PUTNAM COUNTY — Complying with guidelines issued by the Ohio Department of Health, the county board of commissioners issued a release on Tuesday outlining actions deemed necessary to help curb the spread of COVID-19.

“The Putnam County Courthouse and all county offices will be going to Level Two emergency limiting public traffic to ESSENTIAL county business for two weeks, starting November 4 through November 18 matching the timing and guidelines from the Ohio health director,” the release states. “No one will be allowed in the building without an appointment with the correct department and you will be asked at the security station if you have made the appropriate appointment. To determine if your business is essential, please call the courthouse at 419-523-8700, and the appropriate department extension, or check www.putnamcountyohio.gov for information relative to a Putnam County business issue. All department heads and elected officials may reduce staffing levels to cover essential services while observing social distancing.”

While similar to actions taken in March, when the ODH and then Health Director Amy Acton issued directives severely curtailing business both public and private — including civil and criminal proceedings — this latest effort, at present, has little bearing on how the courts operate.

At the end of last March, an emergency tolling procedure implemented by the Ohio Supreme Court brought the courts to a virtual stand still, leaving defendants facing charges, but still unsentenced, in limbo. That statute came to an end on July 31, and no such statute is currently in place.

“None of that exists now, so speedy trial rights continue; it isn’t going to change drastically what we do up here,” Putnam County Municipal Court Judge Chad Niese said on Tuesday. “As needed, we’re going to continue to have trials. Luckily, in the next three weeks, I don’t have any jury trials scheduled, so I’m not going to have to cross that bridge. At least not immediately.”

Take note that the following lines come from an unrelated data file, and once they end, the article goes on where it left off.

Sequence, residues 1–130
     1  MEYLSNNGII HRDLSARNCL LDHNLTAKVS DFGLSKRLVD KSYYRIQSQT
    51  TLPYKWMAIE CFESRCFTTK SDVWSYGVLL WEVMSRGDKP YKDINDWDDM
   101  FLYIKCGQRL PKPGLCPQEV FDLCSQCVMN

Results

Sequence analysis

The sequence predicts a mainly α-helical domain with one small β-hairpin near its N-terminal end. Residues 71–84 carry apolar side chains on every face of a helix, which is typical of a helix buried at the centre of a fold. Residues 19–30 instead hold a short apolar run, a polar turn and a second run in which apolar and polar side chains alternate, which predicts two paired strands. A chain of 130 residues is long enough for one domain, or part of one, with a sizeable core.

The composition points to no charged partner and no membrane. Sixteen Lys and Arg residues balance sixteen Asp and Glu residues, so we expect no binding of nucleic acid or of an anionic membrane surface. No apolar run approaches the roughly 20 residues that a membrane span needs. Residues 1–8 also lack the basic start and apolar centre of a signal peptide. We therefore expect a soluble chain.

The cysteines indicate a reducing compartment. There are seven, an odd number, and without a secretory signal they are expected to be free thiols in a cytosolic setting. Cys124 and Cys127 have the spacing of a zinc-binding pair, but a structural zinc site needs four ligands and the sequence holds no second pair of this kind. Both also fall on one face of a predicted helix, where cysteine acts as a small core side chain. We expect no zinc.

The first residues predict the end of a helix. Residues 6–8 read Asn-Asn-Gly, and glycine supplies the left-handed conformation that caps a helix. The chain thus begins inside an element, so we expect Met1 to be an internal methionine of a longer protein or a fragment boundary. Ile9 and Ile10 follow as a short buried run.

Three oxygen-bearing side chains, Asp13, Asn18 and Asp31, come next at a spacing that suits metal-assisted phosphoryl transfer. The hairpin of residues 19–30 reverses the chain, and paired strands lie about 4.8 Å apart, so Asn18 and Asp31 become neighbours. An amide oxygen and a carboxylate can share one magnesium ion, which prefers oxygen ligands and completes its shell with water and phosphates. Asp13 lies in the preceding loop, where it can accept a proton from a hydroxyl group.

Still, the continuing surge of cases here, in the state, and across the nation create the same same problems for the court as they do in any work environment: concerns about staffing; not only of the court’s employed support staff, but of a critical component in this nation’s judicial system.

“The biggest problem is getting people in here to serve on juries,” Judge Niese said. “That’s my concern. But we’ll cross that bridge when we come to it.”

As part of the court’s efforts to minimize exposure to the virus, social distancing is key. In Judge Niese’s comparatively small courtroom, the backs of visitors’ benches are tagged with large numerals indicating not only where to sit in order to maintain distance, but courtroom capacity, as well. And as much as possible, as in other areas of society, the business of the court is handled at a remove.

“We’ve been trying to limit in-court stuff now, with telephone/teleconference appearances where possible,” Judge Niese said. “We’re trying to limit the traffic that’s coming in, but the things that are required we’re still doing. We’re not putting a hold on anything.”

This latest action at the courthouse comes on the heels of the Putnam County Health Department’s decision to likewise limit interactions while maintaining essential services, Ottawa-Glandorf Schools decision to join the Columbus Grove School District in adopting a hybrid educational model, and rapidly accelerating numbers of county residents testing positive for the virus. Last Wednesday, the PCHD reported a total of 1,189 positive or presumed positive cases in the county. On Tuesday, the ODH reported 1,443 cases — an increase of 254 cases in six days. Of that number, 883 are presumed recovered, 113 have been or are hospitalized, and 30 deaths are recorded with COVID-19 listed as a contributing factor.